I attended the NAVCA conference earlier this month (NAVCA is the national infrastructure body for local voluntary action). The day provided much food for thought about what the future might hold for the voluntary sector, and how it affects our priorities.
As a facilitator working to help organisations to get their heads around the implications of future trends – for their current and future clients – as well as for themselves – I was particularly interested in this year’s theme ‘Future Forward: future proofing local social action’.
One of the speakers was Mathew Lawrence (with one ‘t’!) from the Institute of Public Policy Research. He presented this report:
Future Proof: Britain in the 2020s.
In his presentation, he identifies 5 key trends which are going to matter to us:
- A demographic tipping point: particularly ageing population.
- An economic world transformed: a more fragile world order.
- Brexit – the aftershock: as well as the implications of parliamentary attention and resources getting tied up in negotiations.
- Technological transformation – between Star Trek and the Matrix: scary exponential growth in technologies – computers, artificial intelligence, communications, the Internet of Things …
- The shock of the Anthropocene – climate change, resource depletion.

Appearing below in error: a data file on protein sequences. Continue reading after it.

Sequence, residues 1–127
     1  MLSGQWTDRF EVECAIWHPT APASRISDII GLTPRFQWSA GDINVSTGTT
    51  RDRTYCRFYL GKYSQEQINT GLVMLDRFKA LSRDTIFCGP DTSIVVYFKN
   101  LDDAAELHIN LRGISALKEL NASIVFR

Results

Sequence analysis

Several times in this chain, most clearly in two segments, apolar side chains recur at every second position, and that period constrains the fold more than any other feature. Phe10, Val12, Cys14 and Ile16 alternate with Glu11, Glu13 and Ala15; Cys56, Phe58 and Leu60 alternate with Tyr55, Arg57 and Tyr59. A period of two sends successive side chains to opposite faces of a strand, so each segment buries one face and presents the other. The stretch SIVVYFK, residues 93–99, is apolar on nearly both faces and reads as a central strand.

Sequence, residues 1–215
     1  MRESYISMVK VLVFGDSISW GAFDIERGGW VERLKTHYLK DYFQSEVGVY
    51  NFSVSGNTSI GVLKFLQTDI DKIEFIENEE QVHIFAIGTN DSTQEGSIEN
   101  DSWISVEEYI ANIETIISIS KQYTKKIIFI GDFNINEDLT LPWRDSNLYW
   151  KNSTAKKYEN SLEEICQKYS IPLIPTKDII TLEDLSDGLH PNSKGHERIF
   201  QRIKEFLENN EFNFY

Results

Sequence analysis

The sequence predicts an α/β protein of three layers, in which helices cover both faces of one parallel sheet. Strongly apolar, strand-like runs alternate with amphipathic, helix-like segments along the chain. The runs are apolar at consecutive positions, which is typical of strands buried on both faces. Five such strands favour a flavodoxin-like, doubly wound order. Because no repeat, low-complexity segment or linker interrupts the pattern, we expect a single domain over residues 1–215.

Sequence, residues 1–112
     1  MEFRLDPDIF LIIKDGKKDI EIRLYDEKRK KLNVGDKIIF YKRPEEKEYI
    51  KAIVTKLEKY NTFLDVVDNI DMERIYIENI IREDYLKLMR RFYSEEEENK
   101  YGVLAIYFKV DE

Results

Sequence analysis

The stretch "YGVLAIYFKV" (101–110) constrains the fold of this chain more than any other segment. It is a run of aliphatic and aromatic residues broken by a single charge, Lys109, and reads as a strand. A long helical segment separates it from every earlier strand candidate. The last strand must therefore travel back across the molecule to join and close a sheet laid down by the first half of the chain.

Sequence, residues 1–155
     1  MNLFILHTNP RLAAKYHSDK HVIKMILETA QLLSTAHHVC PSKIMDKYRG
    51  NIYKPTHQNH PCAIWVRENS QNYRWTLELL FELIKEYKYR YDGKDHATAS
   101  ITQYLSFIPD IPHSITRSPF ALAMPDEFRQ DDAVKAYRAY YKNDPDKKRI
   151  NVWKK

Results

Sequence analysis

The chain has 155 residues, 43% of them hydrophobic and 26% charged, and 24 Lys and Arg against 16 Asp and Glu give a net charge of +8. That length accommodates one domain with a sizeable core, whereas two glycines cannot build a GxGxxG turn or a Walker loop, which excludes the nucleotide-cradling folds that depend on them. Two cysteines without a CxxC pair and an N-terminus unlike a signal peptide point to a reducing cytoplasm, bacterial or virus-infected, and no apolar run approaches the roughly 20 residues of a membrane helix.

‘Together, these trends are going to reshape how we live and work, reorganise our social, economic and political institutions, and redistribute power and reward in society’.
Did you know that at currents rates of soil degradation, the world has only 60 harvests left according to the UN? DEFRA estimates it may be even fewer in some parts of the UK.
We might be able to understand possibilities of robotic automation in manufacturing – but what does this mean for services?
Thinking about the ageing population has been around for a while. But in the 2020s, numbers of over 85s will triple while the working age population will remain static.
My question to Mathew was:
“With our human intelligence, many of us struggle to get our heads around how multiple trends impact each other (and us). How should we try to plan and map, rather than just being overwhelmed or moving forward as if tomorrow will be like today?”
Mathew’s advice was to focus on the trends we understand best, such as the ageing population. Apply ourselves to getting a grip on the implications.
As we move into the next year, what does the changing UK demographic mean for future volunteering? Levels of needs, priorities for action? Let’s get our heads together and try to work it out.
Happy New Year!
You can see any of the presentations from the day on the NAVCA YouTube channel.
Karen Morton, The Capability Company, December 2017